continental drift 8/23/23- jamaica

Welcome back to Continental Drift! For our first episode of the semester, we’re gonna be looking at Jamaica. Listen to the playlist here and listen back to the episode here.

Jamaica is an island country in the Caribbean Sea, just south of Cuba and west of Haiti. With a population of just under 3 million people, Jamaica’s population is 137th largest in the world, but the 3rd most populous English-speaking country in the Americas, behind only the US and Canada. Most Jamaicans speak Patois, which is an English-based creole language which also contains elements of Spanish, Portuguese, Hindi, and Twi, among others.

Jamaica was colonized by the Spanish in 1509, but after the Anglo-Spanish War ended in 1660, Jamaica was firmly under the control of the English. As early as 1907, Englishmen like Walter Jekyll would begin to take notice of the folk songs sung by the inhabitants of the island. Sometimes they’d be just be music for music’s sake, and other times they’d based on folklore, like stories about Anansi, the mythological trickster spider who regularly outwitted much larger foes; amidst occupation by various empires, the concept that brains could beat brawn was of some comfort to Jamaicans.

Later into the 20th century, Jamaican musicologists like Louise Bennett and Dr. Olive Lewin would record and publish the folk songs for posterity, occasionally building ensembles such as the Jamaican Folk Singers to perform and preserve Jamaican folk songs in Patois rather than “pure” English. 

Folk Music Segment:

Linstead Market // Louise Bennett

Towns of Jamaica // Louise Bennett

Hol’ ‘M Joe // Louise Bennett

Louise Bennett, also known as Miss Lou

Louise Bennett, or Miss Lou, was dedicated to preserving Jamaican culture by producing literature spoken in Patois. Miss Lou also had an impact on the development of mento, a uniquely Jamaican music form. Mento fuses African and European musical techniques to make something new. It started to get popular in the 40s, but saw a meteoric rise in the 1950s as it started to become better known outside of Jamaica.

One of the most popular mento artists was a man named Harry Belafonte, a Jamaican-American singer who put Jamaican music on the map with his 1957 hit Banana Boat (Day-O). Miss Lou was directly involved in its creation, having told Belafonte about a Jamaican folk song called Hill and Gully Rider which would be the basis for the song.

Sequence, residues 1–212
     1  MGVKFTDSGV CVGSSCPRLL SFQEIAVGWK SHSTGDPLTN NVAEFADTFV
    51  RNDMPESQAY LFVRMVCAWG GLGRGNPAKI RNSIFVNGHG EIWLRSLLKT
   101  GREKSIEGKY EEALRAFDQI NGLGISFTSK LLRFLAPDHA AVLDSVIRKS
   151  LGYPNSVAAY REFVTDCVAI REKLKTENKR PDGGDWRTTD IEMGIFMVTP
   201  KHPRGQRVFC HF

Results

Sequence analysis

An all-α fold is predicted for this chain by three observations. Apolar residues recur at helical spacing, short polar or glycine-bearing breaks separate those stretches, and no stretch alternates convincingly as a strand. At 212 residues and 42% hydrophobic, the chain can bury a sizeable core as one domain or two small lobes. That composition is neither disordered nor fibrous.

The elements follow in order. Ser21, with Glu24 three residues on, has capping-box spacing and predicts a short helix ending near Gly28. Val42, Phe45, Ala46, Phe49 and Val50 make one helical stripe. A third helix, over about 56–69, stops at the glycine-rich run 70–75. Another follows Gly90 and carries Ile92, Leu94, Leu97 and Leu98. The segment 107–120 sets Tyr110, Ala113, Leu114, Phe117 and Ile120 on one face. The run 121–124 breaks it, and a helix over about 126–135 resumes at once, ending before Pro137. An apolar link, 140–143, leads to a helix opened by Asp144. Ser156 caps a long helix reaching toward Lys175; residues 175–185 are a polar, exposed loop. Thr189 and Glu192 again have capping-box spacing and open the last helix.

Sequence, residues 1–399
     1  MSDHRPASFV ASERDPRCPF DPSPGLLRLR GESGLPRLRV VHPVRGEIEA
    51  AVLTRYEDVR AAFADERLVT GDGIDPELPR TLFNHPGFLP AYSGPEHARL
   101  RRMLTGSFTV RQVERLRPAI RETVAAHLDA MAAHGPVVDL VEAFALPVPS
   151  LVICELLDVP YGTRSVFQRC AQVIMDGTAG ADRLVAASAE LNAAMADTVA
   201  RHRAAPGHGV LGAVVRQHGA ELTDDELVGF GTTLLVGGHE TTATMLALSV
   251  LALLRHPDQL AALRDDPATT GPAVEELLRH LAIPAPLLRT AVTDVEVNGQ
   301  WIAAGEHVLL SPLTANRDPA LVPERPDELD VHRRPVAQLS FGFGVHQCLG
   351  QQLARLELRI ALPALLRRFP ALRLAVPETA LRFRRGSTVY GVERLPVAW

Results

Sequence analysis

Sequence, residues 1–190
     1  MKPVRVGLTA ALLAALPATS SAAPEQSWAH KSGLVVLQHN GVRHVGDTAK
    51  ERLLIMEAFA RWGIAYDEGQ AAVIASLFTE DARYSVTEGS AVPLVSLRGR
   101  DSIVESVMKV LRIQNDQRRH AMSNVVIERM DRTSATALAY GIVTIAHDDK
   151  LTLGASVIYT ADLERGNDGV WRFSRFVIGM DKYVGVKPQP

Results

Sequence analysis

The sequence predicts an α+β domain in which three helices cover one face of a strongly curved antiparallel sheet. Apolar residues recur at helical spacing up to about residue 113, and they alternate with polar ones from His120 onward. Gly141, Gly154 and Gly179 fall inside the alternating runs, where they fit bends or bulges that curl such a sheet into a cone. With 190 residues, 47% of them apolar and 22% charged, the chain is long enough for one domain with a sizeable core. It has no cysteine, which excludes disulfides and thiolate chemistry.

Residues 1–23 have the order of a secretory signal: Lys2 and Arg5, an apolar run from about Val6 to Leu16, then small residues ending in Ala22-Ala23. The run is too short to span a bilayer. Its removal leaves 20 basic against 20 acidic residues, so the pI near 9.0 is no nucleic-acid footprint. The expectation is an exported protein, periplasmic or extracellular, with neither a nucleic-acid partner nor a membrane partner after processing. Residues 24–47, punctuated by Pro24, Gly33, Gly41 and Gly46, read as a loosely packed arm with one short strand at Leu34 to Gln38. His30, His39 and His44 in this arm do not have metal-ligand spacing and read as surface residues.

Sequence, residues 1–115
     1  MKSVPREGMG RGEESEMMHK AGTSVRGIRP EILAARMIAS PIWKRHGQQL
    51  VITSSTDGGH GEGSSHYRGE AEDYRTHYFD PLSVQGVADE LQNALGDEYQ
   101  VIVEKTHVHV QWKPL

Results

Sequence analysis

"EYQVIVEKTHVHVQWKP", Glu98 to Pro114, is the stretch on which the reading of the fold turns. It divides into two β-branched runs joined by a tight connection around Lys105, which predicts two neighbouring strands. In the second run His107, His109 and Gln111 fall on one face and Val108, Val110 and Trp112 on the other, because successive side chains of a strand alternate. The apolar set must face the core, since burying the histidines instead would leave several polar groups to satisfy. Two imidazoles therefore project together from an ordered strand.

Mento often gets confused for the Trinidadian music form calypso, and Belafonte’s success as a mento artist helped popularize calypso to mainstream audiences. One mento musician by the name of Lord Flea is cited as saying that this confusion is not fully accidental, because while it does play into the stereotype that Caribbean islanders are all happy-go-lucky, that’s what the tourists wanna see, so it became a smart business move to market mento as calypso to people outside Jamaica.

Mento Segment

Banana Boat (Day-O) // Harry Belafonte

Jamaica Farewell // Harry Belafonte

Belafonte’s mento album (it’s only titled Calypso!)

In the late ‘50s, more and more Jamaicans bought radios that were able to pick up signals from the Southern part of the United States, and as tends to happen when people hear new music, this led to cultural diffusion. In particular, they were influenced by R&B and this led to the eventual development of ska by groups like the Skatelites and Desmond Dekker. The earliest ska was characterized by prominent horns and its rhythm guitar “skanking” on the off-beats of the song, and this type of pattern would live on in some manner through the art forms descended from ska.

Ska + Rocksteady Segment

Freedom Sounds // The Skatelites

King of Ska // Desmond Dekker and the Cherry Pies

007 (Shanty Town) // Desmond Dekker

Rude boys in 1966

Just as ska arose from the mixing of mento and American R&B, the mixing of American soul music with ska led to the birth of a genre called rocksteady, which, like ska, has a rhythm guitar playing on the offbeat, but it’s a bit slower, which lets the bass line shine through a bit more. Rocksteady found an audience with rude boys, which are a Jamaican subculture of discontented youths who had a reputation for violent, disruptive behavior. However, as a genre, rocksteady didn’t enjoy much time in the sun, and quickly was supplanted by perhaps the best-known Jamaican music form at the end of the 1960s. 

Reggae Segment

I Shot the Sheriff // Bob Marley and the Wailers

Reggae, like its predecessor rocksteady, was descended from ska, but allowed itself to embrace a sort of roughness that the soul-inspired rocksteady didn’t lend itself to. And like its predecessors, it and its performers adapted other forms of music to make something new.

Modern Jamaican Music Segment

Still Searchin’ // Damian Marley

Boombala // Infantry Rockers

Boombala is an example of a genre called dub, which combines reggae with elements of electronic music. It also features a mode of performance called toasting, which usually involves speaking or rapping over a reggae beat, often in a monotonous voice.

Still Searchin’ is more clearly an example of a Jamaican adaptation of an American music style, particularly hip-hop; you can hear how even though Damian Marley isn’t really leaning into a reggae influence in the song, he’s performing it in Patois, showing a different way for how the cultures can syncretize.

This has been Continental Drift!

Last Song Because It Wouldn’t Leave Me Alone

Israelites // Desmond Dekker